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Constitutional Crisis as Feinstein Accuses CIA of 'Intimidating' Senate over Torture Report


March 12, 2014
Dan Roberts and Spencer Ackerman / The Guardian & Paul Lewis / The Guardian & David Corn / Mother Jones

Allegations of CIA snooping on congressional investigators has put the whole premise of secret government in question. Sen. Dianne Feinstein has accused the CIA of cover-ups, intimidation and smears aimed at investigators probing its role in "un-American" acts of detention and torture. Meanwhile, whistleblower Edward Snowden has noted that Feinstein's outrage over the CIA spying on her staff was not matched by concern about widespread surveillance of ordinary citizens.

http://www.theguardian.com/world/2014/mar/11/feinstein-accuses-cia-intimidation-torture-report

Feinstein Accuses CIA of 'Intimidating' Senate Staff over Torture Report
Dan Roberts and Spencer Ackerman / The Guardian

WASHINGTON (March 11, 2014) -- The chairwoman of the Senate intelligence committee, Dianne Feinstein, on Tuesday accused the Central Intelligence Agency of a catalogue of cover-ups, intimidation and smears aimed at investigators probing its role in an "un-American and brutal" programme of post-9/11 detention and interrogation.

In a bombshell statement on the floor of the US Senate, Feinstein, normally an administration loyalist, accused the CIA of potentially violating the US constitution and of criminal activity in its attempts to obstruct her committee’s investigations into the agency’s use of torture. She described the crisis as a "defining moment" for political oversight of the US intelligence service.

Her unprecedented public assault on the CIA represented an intensification of the row between the committee and the agency over a still-secret report on the torture of terrorist suspects after 9/11.

Feinstein, who said she was making her statement "reluctantly", confirmed recent reports that CIA officials had been accused of monitoring computer networks used by Senate staff investigators. Going further than previously, she referred openly to recent attempts by the CIA to remove documents from the network detailing evidence of torture that would incriminate intelligence officers.

She also alleged that anonymous CIA officials were effectively conducting a smear campaign in the media to discredit and "intimidate" Senate staff by suggesting they had hacked into the agency’s computers to obtain a separate, critical internal report on the detention and interrogation programme.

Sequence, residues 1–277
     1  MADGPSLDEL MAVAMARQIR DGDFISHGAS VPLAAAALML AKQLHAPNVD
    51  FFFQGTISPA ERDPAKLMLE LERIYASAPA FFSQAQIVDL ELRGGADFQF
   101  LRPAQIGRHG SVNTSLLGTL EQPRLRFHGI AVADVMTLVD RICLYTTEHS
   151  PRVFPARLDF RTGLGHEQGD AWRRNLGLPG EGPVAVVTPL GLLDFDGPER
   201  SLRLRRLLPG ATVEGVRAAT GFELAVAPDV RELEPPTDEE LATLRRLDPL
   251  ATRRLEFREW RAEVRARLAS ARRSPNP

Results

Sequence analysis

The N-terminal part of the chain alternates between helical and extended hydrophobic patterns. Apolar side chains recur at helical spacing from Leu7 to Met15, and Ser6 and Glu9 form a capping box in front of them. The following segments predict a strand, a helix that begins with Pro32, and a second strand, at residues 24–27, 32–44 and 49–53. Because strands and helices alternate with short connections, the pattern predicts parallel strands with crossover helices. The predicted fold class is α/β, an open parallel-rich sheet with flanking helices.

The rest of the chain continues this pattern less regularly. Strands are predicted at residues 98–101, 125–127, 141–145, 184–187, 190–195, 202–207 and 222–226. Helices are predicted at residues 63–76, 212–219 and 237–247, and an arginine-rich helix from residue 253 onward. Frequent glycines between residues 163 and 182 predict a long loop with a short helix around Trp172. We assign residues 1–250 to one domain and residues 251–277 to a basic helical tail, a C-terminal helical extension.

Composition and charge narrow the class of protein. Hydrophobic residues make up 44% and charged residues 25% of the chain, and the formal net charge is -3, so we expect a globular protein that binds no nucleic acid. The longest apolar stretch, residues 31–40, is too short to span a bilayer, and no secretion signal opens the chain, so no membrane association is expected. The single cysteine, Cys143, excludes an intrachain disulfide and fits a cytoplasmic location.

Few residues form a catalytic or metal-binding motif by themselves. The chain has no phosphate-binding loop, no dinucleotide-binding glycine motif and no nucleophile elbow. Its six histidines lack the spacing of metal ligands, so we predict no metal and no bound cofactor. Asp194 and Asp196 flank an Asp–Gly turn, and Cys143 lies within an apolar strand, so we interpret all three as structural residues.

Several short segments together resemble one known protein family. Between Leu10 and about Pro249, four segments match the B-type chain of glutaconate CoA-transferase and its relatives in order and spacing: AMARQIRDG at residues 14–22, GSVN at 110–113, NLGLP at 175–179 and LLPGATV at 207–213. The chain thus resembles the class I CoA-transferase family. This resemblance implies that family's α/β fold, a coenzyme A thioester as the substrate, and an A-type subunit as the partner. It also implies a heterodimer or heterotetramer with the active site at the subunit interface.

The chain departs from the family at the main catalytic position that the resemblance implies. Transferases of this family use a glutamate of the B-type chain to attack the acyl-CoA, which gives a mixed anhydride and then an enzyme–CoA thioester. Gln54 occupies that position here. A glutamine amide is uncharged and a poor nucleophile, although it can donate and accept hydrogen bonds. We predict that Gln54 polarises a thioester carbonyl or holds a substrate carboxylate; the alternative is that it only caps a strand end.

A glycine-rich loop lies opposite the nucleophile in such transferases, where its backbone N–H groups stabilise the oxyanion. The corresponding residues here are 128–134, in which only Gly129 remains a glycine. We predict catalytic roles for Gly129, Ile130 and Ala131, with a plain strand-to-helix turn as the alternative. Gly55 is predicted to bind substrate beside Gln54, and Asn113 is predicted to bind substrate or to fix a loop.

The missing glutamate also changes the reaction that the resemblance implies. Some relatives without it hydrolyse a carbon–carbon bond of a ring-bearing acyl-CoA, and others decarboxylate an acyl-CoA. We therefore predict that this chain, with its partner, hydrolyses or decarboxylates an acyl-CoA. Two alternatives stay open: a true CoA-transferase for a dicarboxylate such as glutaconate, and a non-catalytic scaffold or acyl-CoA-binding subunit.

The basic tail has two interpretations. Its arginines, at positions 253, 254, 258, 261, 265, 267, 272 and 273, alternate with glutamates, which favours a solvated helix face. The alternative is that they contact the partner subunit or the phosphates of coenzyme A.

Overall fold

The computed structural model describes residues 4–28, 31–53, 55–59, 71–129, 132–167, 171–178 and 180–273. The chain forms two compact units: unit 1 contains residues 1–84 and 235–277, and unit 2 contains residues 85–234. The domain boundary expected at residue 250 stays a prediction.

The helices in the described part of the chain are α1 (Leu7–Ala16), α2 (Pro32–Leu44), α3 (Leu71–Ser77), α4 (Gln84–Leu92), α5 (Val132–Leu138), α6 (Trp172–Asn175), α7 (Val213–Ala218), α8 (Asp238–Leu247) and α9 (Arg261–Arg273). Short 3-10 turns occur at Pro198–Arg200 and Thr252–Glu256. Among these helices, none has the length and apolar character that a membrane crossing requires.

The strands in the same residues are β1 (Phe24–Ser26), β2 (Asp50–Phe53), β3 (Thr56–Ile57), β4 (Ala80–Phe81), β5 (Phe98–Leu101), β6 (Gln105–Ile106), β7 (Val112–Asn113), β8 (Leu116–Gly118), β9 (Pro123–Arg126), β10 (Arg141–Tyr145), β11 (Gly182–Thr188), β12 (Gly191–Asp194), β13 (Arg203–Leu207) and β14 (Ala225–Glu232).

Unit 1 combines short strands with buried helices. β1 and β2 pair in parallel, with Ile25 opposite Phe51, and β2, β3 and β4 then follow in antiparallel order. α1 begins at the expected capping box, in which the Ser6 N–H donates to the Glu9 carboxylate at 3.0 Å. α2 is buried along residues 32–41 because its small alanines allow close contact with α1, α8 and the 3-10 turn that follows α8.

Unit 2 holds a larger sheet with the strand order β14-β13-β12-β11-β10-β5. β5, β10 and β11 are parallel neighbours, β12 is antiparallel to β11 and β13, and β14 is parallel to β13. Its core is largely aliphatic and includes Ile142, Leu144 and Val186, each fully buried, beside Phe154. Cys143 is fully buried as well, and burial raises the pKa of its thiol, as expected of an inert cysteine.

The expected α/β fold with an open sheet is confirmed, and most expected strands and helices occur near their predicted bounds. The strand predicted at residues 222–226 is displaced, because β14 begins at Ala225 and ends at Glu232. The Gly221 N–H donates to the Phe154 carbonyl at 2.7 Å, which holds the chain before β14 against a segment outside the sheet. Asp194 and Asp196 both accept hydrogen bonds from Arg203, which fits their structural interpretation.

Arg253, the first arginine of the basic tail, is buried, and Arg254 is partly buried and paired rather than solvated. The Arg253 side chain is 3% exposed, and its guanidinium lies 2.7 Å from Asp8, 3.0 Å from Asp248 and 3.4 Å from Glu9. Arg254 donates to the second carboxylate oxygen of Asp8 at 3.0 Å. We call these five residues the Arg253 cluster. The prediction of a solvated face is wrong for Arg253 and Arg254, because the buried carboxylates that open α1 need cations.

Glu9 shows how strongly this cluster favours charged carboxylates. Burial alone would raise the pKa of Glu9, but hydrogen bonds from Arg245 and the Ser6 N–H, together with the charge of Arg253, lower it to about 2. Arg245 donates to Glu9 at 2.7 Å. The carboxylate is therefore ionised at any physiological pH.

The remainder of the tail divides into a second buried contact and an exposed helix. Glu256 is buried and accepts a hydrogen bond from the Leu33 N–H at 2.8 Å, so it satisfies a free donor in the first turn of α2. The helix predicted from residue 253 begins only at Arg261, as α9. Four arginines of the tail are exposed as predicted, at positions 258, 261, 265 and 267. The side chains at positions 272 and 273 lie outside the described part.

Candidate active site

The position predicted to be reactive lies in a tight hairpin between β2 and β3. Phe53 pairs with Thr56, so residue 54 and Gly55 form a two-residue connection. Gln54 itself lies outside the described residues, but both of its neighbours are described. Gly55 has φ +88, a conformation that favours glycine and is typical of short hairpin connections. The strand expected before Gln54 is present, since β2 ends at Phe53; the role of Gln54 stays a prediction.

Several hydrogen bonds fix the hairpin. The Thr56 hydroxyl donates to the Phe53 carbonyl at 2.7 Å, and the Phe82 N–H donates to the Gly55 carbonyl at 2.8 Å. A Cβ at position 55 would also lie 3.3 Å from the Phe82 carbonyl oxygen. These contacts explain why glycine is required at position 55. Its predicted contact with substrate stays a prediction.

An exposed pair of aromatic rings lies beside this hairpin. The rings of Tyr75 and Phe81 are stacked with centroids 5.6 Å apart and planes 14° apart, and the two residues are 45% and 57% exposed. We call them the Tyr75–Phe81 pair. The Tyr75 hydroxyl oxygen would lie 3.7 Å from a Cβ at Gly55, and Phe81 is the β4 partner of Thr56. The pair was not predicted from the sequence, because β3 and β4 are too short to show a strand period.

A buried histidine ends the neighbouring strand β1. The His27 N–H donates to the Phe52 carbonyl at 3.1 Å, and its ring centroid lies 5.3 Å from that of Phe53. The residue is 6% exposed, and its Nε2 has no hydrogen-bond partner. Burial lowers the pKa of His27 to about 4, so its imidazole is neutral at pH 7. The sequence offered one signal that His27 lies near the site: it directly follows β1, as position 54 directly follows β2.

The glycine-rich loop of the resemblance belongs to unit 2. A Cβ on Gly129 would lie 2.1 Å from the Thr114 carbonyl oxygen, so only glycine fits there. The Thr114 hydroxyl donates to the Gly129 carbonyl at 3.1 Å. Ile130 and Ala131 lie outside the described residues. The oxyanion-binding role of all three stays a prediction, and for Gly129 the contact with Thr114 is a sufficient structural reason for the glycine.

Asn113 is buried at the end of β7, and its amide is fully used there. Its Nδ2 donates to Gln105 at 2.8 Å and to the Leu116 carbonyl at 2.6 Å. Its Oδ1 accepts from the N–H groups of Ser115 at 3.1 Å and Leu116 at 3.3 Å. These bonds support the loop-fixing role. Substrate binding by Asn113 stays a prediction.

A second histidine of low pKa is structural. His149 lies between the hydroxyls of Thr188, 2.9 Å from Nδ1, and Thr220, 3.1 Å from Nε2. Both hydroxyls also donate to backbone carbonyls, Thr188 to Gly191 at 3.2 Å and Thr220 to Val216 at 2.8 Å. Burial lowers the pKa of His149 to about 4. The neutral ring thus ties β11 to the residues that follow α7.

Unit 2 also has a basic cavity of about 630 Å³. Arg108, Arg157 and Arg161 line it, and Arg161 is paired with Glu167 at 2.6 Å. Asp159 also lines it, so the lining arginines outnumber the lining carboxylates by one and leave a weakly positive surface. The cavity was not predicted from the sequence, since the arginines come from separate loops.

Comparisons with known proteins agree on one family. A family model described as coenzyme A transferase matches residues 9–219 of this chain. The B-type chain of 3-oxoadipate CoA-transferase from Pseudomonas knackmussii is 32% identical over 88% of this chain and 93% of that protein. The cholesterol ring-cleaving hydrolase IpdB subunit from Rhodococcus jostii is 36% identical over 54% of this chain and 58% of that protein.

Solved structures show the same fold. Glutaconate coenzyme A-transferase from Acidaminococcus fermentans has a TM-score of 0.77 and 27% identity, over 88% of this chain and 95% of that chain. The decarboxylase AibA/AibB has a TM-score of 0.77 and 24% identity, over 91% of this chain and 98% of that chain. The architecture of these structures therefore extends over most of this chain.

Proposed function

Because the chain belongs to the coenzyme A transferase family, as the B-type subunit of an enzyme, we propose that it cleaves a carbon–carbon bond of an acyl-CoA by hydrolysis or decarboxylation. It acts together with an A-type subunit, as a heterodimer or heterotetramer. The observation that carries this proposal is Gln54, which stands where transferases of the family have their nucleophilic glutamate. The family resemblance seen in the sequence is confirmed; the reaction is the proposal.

Staff working on the Senate investigation have been reported to the Department of Justice for possible criminal charges by a lawyer at the CIA who himself features heavily in the alleged interrogation abuses.

The CIA’s inspector general has another inquiry open into the issue. John Brennan, the CIA director, rejected Feinstein’s claims that the agency had monitored the Senate committee’s computer networks, which were set up specifically for it to access confidential CIA documents.

Feinstein said the two investigations, launched at the behest of the CIA, amounted to an attempt at "intimidation". She revealed that CIA officials had also been reported to the Department of Justice for alleged violations of the fourth amendment and laws preventing them from domestic spying.

"This is a defining moment for the oversight role of our intelligence committee ... and whether we can be thwarted by those we oversee," said Feinstein in a special address on the floor of the the US Senate.

"There is no legitimate reason to allege to the Justice Department that Senate staff may have committed a crime... this is plainly an attempt to intimidate these staff and I am not taking it lightly."

Feinstein said that she would immediately appeal to the White House to declassify the report’s major findings. The White House is formally on record as supporting the declassification, which the president has the power to order.

Last week, CIA director John Brennan, a former counterterrorism aide to President Obama, issued a rare scathing public statement on the deepening crisis, suggesting that unspecified "wrongdoing" had occurred in "either the executive branch or legislative branch."

Brennan, who withdrew from consideration as CIA director in 2008 out of allegations he did not consider torture to be a serious offence, is a year into his tenure after being nominated by Obama .

At a previously scheduled event reflecting on the first year on Tuesday, Brennan rejected the accusation that the CIA had thwarted the Senate investigation, and denied the agency had inappropriately accessed Senate computers. "Nothing could be further from the truth. We wouldn’t do that," he said. Brennan pointed out that he had referred the matter to the CIA inspector general, who was investigating, and would defer to his conclusions.

He also acknowledged there was a Justice Department investigation that encompassed the Senate committee staff members. "There are appropriate authorities are looking at what CIA officers and SSCI staff members did – and I defer to them as to whether there was any violation," he said.

Brennan said the CIA wanted to put the issue of the torture programme, which he described by its agency nomenclature as "rendition, detention and interrogation", behind it. "Even as we have learned from the past, we must also try to put the past behind us." he said.